Blessed was President of the Television and Radio Industries Club (TRIC) in 2007–2008 and presented the 2008 TRIC Awards at the Grosvenor House, Park Lane. TRIC is an organisation which honours achievers in the film and radio industries. He has honorary degrees from the University of Bradford, awarded in July 2003, and Sheffield Hallam University, awarded in 2004.
He also stars in the Living Legend show in Jersey, Channel Islands. It features many celebrity faces, such as Roger Lloyd Pack, Samantha Janus, Kevin Whately and Tony Robinson. The story is of the history of the island.
In 2009, he featured on the song "Army of the Damned", part of the debut album Beneath the Veiled Embrace by UK power-metal band Pythia, reading the poem "Suicide in the Trenches" by Siegfried Sassoon. He also contributed to "The Joust" by Eden Burning in 1994.
Personal life 
Blessed lives in Windlesham, Surrey. He married actress Hildegarde Neil in 1978 and they have one daughter, Rosalind. He also has a number of dogs and is a patron of Hopefield Animal Sanctuary.
- The Turquoise Mountain: Brian Blessed on Everest (1991)
- Dynamite Kid (1992)
- Nothing's Impossible (1994)
- To the Top of the World (1995)
- Quest for the Lost World (1999)
- "Index entry". FreeBMD. ONS. Retrieved 4 November 2010.
- "BFI biodata". Ftvdb.bfi.org.uk. 16 April 2009. Retrieved 2011-07-08.
- "Biography for Brian Blessed". IMDB. Retrieved 2009-05-17.[unreliable source?]
- Blessed, Brian (1992). "1". The Dynamite Kid (1 ed.). London, UK: Bloomsbury. p. 1. ISBN 0-7475-1275-2.
- "Brian Blessed". NNDB. Retrieved 2008-05-05.
- "Cast and Crew page on the Official Kika and Bob website.".
- "Gerald Durrell's lasting legacy". BBC News. 15 September 2006. Retrieved 2008-05-05.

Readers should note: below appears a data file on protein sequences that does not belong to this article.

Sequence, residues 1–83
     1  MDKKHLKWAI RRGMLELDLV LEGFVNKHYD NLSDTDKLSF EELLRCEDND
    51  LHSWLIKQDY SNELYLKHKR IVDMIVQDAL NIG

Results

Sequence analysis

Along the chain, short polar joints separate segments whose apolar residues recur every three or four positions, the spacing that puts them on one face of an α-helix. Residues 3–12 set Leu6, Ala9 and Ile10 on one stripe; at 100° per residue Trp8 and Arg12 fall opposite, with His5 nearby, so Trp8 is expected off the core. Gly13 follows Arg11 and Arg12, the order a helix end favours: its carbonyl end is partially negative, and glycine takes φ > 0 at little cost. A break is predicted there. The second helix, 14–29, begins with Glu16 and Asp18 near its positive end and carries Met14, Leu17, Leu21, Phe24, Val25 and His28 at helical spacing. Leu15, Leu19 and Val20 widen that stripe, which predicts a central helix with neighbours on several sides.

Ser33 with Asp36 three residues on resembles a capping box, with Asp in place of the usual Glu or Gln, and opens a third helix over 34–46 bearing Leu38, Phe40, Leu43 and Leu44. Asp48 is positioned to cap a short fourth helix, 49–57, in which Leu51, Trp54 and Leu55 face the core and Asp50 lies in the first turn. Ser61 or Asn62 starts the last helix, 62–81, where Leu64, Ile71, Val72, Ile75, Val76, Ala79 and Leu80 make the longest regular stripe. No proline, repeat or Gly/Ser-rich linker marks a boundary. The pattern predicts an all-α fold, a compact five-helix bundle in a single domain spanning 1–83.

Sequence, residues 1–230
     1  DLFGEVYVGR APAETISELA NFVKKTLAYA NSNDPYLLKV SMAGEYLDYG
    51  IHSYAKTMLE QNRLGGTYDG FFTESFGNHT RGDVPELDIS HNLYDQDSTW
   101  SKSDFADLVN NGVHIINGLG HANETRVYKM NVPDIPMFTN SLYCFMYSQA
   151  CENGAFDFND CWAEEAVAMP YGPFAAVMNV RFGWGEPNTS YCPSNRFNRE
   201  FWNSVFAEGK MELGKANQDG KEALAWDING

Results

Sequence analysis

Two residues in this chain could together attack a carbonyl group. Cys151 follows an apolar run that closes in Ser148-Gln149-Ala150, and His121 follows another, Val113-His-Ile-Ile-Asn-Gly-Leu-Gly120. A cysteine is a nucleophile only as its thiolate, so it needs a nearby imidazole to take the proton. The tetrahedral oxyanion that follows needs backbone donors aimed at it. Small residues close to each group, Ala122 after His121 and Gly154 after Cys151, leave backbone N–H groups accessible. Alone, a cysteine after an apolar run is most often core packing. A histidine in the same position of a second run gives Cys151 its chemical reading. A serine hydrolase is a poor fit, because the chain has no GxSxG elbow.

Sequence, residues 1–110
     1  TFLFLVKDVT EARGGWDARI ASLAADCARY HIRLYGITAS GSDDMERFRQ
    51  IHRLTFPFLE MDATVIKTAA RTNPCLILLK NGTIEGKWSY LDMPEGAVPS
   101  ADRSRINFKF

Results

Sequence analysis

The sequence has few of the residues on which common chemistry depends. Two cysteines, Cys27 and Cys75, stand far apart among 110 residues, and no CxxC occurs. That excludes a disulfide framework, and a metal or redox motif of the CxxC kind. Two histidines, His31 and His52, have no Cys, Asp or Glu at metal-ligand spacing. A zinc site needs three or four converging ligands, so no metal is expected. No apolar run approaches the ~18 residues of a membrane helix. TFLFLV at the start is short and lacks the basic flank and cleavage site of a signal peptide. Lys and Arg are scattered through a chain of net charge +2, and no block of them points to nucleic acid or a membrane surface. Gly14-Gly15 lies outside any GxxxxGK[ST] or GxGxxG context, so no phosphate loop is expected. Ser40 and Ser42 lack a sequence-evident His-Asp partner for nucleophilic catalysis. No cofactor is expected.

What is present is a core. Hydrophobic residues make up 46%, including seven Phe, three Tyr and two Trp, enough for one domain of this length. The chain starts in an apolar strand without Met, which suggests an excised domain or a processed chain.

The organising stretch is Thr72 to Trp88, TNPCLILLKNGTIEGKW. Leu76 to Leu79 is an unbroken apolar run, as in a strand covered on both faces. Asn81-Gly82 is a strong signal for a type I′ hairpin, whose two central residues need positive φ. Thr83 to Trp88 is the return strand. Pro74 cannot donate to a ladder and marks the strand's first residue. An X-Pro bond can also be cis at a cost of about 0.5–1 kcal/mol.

- "Brian Blessed Web Chat". The Guardian. 22 August 2001. Retrieved 2008-09-01.
- "Pieces of 8.0". BBC. 20 November 2009. Retrieved 2009-11-25.
- "2009-2010 New Victory Theater Show Schedule". New Victory Theater. Retrieved 2012-05-03.
- Cox, Caleb (5 August 2010). "Brian Blessed lends his tongue to TomTom • reghardware". Reghardware.com. Retrieved 2011-07-08.
- "Brian Blessed voice now available for TomTom devices". Brianblessed.tomtom.com. Retrieved 2011-07-08.
- "Sheherazade or The Princess, the Pirate and the Baboon! | Grandma Dingley's Ingeniously Musical Tales". Grandmadingley.com. 21 March 2011. Retrieved 2011-07-08.
- "Dear ASB, who is Brian Blessed?". Retrieved 2013-02-20.
- Dickinson, Matt (19 February 2012). "How We Met: Matt Dickinson & Brian Blessed". The Independent. Retrieved 24 April 2013. "See Dickinson's remark: "But as for going back to Everest with Brian: in truth, he's too old now to try again.""
- Arthur, Charles (30 May 1996). "Blessed launches bitter attack on 'human lemmings' of Everest". The Independent. Retrieved 24 April 2013.
- Benedictus, Leo (29 July 2003). "Why I love Brian Blessed". The Guardian. Retrieved 5 May 2008.
- "DougSoc". Users.york.ac.uk. Retrieved 8 July 2011.
- Davis-Digges, Hoagy (25 January 2011). "Union General Meeting sees highest voting numbers since 2008". Nouse.co.uk. Retrieved 8 July 2011.
- "some are inexplicably followed by Brian Blessed’s stentorian narrations of British anti-war poetry". Retrieved 2 May 2011.
- Eden Burning Mirth and Matter sleeve notes.
- "Brian Blessed bids to be Cambridge chancellor". BBC News (BBC). 3 June 2011. Retrieved 25 April 2013.
- "War of the Roses details Brian Blessed DLC, free content and Kingmaker gold edition". PC Gamer. 1 February 2013. Retrieved 25 April 2013.
- Sleeman, Elizabeth (2003). The International Who's Who 2004: 2004 (67 ed.). Routledge. p. 176. ISBN 978-1-85743-217-6.
- "Hopefield Patrons and Trustees". Hopefield Animal Sanctuary. Retrieved 18 November 2011.
|Wikimedia Commons has media related to: Brian Blessed|
- Brian Blessed at the Internet Movie Database
- Brian Blessed at the TCM Movie Database
- Brian Blessed at AllRovi